[Coral-List] ICRS 2020: session on tropical fisheries + climate changes

James Robinson jpwrobinson at gmail.com
Thu Jul 11 10:18:35 UTC 2019

Greetings all,

We are excited to announced our session *How will tropical fisheries
respond to climate changes on coral reefs?* at the 2020 International Coral
Reef Symposium (5-10 July 2020, Bremen, Germany), and invite you to submit
abstracts for oral presentations.


Our session will address the following topics:

   - Novel or unexpected reef fisheries arising from ocean warming
   - Socio-economic adaptations to ecological changes in tropical fish
   - Tropicalization of fisheries in temperate ecosystems
   - Gear and ecosystem management to help fishers adapt to climate change
   - Adaptive management for climate-impacted coral reef fisheries
   - Nutritional implications of climate change for tropical coastal

and ask these questions:

   - Which fisheries will emerge from climate-impacted coral reefs?
   - How will social-ecological forces, such as fishing effort and
   ecosystem management, respond to and shape these novel fisheries?
   - How can interactions between environmental changes, fishers’ behavior
   and market access be managed to sustain nutrient provisioning from tropical

*Abstract Deadline: 1 September 2019* (

Coral reef fisheries are a conduit for many valuable ecosystem goods and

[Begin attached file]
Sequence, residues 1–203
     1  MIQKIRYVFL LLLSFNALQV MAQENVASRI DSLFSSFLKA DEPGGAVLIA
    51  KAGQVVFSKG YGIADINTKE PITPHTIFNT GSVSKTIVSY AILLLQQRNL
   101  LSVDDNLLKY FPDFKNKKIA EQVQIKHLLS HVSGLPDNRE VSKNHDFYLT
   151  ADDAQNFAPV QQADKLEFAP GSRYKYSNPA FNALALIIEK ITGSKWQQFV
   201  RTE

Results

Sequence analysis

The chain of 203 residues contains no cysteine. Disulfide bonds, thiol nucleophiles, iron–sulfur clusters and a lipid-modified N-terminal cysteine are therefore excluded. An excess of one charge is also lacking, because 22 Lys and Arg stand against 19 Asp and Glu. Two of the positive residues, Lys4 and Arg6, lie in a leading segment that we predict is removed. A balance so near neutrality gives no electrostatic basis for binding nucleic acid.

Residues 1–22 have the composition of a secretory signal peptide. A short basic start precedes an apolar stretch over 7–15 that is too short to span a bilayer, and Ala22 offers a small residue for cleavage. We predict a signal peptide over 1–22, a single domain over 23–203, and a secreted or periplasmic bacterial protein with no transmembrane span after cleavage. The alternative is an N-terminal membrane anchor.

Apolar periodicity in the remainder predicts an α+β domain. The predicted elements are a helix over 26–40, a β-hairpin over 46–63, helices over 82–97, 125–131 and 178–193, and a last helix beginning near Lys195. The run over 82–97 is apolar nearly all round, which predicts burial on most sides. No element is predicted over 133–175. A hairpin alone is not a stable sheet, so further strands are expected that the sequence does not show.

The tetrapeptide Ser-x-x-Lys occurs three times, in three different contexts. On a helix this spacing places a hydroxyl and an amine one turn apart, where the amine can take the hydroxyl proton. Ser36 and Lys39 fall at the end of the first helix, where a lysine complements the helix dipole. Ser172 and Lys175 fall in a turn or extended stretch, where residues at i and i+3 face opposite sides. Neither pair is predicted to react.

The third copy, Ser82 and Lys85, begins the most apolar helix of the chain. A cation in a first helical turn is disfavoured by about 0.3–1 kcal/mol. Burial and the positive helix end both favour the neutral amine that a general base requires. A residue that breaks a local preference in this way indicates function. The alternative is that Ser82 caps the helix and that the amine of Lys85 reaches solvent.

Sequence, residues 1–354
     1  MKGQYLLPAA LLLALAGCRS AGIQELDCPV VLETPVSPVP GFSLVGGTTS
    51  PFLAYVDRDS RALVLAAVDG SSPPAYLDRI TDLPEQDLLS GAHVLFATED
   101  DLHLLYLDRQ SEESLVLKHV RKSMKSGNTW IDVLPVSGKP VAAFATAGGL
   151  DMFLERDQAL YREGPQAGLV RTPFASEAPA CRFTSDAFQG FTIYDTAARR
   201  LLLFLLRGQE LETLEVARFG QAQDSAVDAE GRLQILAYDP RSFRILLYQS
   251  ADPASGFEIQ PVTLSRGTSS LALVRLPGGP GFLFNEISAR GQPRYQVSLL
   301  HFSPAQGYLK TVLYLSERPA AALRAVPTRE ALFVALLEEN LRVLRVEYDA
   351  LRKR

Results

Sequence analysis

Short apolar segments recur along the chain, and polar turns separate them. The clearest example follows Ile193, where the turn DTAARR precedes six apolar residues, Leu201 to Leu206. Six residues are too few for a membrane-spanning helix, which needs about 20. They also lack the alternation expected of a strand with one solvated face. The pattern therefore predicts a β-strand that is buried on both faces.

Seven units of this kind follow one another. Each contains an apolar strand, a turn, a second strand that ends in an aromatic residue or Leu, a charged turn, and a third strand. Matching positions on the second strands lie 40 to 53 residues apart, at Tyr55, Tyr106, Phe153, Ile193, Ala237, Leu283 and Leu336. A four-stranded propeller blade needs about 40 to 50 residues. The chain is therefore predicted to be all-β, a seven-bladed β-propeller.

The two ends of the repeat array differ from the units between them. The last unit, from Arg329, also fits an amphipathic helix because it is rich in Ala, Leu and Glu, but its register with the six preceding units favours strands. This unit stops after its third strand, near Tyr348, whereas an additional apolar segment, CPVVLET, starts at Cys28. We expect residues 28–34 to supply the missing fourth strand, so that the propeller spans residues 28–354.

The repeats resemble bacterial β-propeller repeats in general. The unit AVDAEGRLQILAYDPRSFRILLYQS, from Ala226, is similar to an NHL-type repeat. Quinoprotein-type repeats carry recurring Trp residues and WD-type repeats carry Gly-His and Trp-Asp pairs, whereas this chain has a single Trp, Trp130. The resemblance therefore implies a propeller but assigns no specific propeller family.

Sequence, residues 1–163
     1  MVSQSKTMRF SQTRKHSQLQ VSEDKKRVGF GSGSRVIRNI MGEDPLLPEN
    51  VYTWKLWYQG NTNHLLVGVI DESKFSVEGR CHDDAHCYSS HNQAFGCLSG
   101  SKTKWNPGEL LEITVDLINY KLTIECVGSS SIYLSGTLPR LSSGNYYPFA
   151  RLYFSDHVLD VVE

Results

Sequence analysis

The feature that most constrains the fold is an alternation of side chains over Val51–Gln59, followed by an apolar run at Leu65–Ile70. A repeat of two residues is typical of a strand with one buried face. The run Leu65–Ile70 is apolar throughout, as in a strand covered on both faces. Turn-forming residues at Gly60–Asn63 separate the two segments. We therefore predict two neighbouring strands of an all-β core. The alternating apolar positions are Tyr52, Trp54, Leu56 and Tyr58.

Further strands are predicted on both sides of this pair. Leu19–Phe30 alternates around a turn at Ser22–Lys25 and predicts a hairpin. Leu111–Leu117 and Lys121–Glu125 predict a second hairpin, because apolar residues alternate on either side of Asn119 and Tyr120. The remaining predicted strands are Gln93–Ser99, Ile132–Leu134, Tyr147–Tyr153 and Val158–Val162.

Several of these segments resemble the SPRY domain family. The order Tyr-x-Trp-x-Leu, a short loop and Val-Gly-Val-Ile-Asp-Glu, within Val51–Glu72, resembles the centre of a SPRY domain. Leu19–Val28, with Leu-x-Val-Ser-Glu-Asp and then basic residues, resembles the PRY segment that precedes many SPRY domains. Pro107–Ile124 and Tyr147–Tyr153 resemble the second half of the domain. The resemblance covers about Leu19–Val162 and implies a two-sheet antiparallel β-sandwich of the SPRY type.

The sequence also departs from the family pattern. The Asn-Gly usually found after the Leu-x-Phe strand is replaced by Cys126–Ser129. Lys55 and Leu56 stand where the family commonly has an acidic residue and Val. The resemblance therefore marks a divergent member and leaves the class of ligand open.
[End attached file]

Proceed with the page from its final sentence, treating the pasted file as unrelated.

services. For people, seafood products are of high nutritional value and an
important source of income to many coastal communities. For reef
ecosystems, fishing can influence ecosystem functioning through selective
removal of species and individuals, often flattening biomass pyramids and
reducing biodiversity. Yet as marine heatwaves cause declines in coral
habitat and tropical fishes migrate polewards in response to long-term
ocean warming, climate impacts are also altering the structure and function
of fish assemblages to produce new and unexpected ecological
configurations. In response, coral reef fishers are exploiting increases in
herbivore productivity after coral bleaching events, while the
tropicalization of fish communities is altering catch compositions at
regional scales. Future tropical fisheries will thus be constrained by
ecological responses to climate change (e.g. how species compositions
change), and be shaped by how coastal communities interact with altered
ecosystems. Examples from Kenya suggest that ecosystem protection through
gear regulation can compensate for climate impacts while, for Pacific
islands, gear diversification may help fishers to target climate change
'winners', such as pelagic fishes. For food security, trade networks could
be harnessed to ensure that climate-impacted regions can access seafood,
but this will require an improved understanding of the nutritional
implications of climate changes.

We look forward to your submissions!


*James Robinson*, LECReefs, Lancaster University (UK) *Alice Rogers*
Victoria University of Wellington (New Zealand) *Kirsty Nash* University of
Tasmania (Australia) *Shaun Wilson* University of Western Australia

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